Therapy Resource Guide
Therapy is amazing. I’m a big fan and proponent of therapy. True, there are a lot of bad therapists out there, and a lot of others that are good in general but just not a good fit for you in particular. But please don’t let that stop you from seeking the support you need. Most of us will need some professional support at some point in our lives, and that’s totally OK.
Below is a list of different types of therapy, along with links to some places to begin looking for each type of therapist. While this course centers on CNM, many different types of issues can arise on your journey in this course. Attachment difficulties, relationship conflict, childhood traumas, sexual dysfunction, behavioral issues and more can all come up. We offer multiple modalities so that you can choose the best type of therapy for your unique issues.
If you’re going in to work on more general personality and mental health issues, you don’t need a CNM-experienced or sex therapist necessarily. However, you do want someone who is sex-positive and CNM-friendly and won’t judge you for it. Some will specifically advertise this on their websites; though there are sex-positive therapists who don’t advertise as such.
That said, many of the general therapeutical approaches are pretty conservative in their views on sex. They often treat casual sex, nonmonogamy (consensual or nonconsensual), sex work, pornography, kink/fetishes, high levels of sexual desire or behavior, and other less common expressions of human sexuality as unhealthy or problematic. Even some sex therapists are actually quite sex-negative when it comes to anything but vanilla sex with one partner in a long-term relationships – this is especially true of therapists who specialize in “sex addiction.” Working with someone like this can cause more harm than good – it’s the CNM equivalent of “gay conversion” therapy.
Please do your research on the person you’ll be working with before you do it. See the section below on “Finding a CNM-Friendly Therapist” for more advice.
- Cognitive Behavioral Therapy (CBT). CBT is a type of psychotherapy that helps people learn to identify and change destructive or disturbing thought patterns that have a negative influence on behavior and emotions, and create new ways of thinking and processing information that are more effective. CBT has been demonstrated to be effective for a range of problems including depression, anxiety disorders, alcohol and drug use problems, relationship problems, and eating disorders. However, it often tends to be short-term and symptom-oriented (rather than in-depth and cause-oriented.)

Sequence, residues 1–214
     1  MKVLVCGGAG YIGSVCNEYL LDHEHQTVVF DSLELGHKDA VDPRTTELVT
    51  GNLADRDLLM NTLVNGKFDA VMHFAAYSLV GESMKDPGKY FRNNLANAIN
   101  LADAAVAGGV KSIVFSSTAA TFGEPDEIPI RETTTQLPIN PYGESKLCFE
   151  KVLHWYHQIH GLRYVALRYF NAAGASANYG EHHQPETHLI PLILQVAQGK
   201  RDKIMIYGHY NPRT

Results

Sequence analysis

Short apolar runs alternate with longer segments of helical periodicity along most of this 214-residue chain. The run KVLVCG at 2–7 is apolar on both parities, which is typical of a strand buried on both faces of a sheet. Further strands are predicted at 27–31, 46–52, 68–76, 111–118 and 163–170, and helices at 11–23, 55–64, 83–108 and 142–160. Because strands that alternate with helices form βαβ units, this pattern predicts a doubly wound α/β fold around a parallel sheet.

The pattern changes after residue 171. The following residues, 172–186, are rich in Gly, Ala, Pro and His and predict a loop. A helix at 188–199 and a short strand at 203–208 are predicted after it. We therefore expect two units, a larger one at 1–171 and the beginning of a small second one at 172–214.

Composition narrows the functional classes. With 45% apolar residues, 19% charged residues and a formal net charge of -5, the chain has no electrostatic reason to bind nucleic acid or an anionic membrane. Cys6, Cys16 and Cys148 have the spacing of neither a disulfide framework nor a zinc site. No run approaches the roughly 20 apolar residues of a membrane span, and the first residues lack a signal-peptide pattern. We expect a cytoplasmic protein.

- Dialectical Behavioral Therapy (DBT). DBT is a type of cognitive-behavioral therapy. DBT is specifically focused on teaching people how to develop healthy ways to cope with stress, regulate their emotions, live in the moment, and improve their relationships with others. In other words, DBT is kind of the perfect type of therapy for someone looking to improve their emotional regulation. One important caveat about DBT (similar to many other therapy approaches) is that they often have a sex-negative approach when it comes to CNM relationships or casual sex, so take those aspects with a grain of salt.
- Emotionally Focused Therapy (EFT). EFT is a therapeutic approach that’s deeply rooted in adult attachment theory, and the belief that emotion and emotional regulation are the key factors underlying many if not most mental health and relationship issues. This is a great option for people looking to work on their attachment anxiety or avoidance, and also for couples struggling with relationship problems.
- Psychoanalysis and psychodynamic therapies. These approaches focus on changing problematic behaviors, feelings, and thoughts by discovering their unconscious meanings and motivations. Psychodynamically oriented therapies are characterized by a close working partnership between therapist and patient over long periods of time. Patients learn about themselves by exploring their interactions in the therapeutic relationship. While psychoanalysis is closely identified with Sigmund Freud, it has been extended and modified since his early formulations.
- Humanistic therapy. This approach emphasizes people’s capacity to make rational choices and develop to their maximum potential. Concern and respect for others are also important themes. Humanistic philosophers like Jean-Paul Sartre, Martin Buber and Soren Kierkegaard influenced this type of therapy. Three types of humanistic therapy are especially influential.
- Client-centered therapy. This type of therapy rejects the idea of therapists as authorities on their clients’ inner experiences. Instead, therapists help clients change by emphasizing their concern, care and interest.
- Gestalt therapy. This type of therapy emphasizes what it calls “organismic holism,” the importance of being aware of the here and now and accepting responsibility for yourself.
- Existential therapy. This type of therapy focuses on free will, self-determination and the search for meaning.
- Trauma therapy. In order for someone to qualify as a trauma therapist, they need to have specific training in helping clients with trauma, in addition to being a licensed therapist, and also have substantial experience in this realm. If you have gone through serious trauma, finding someone who is qualified is of the utmost importance.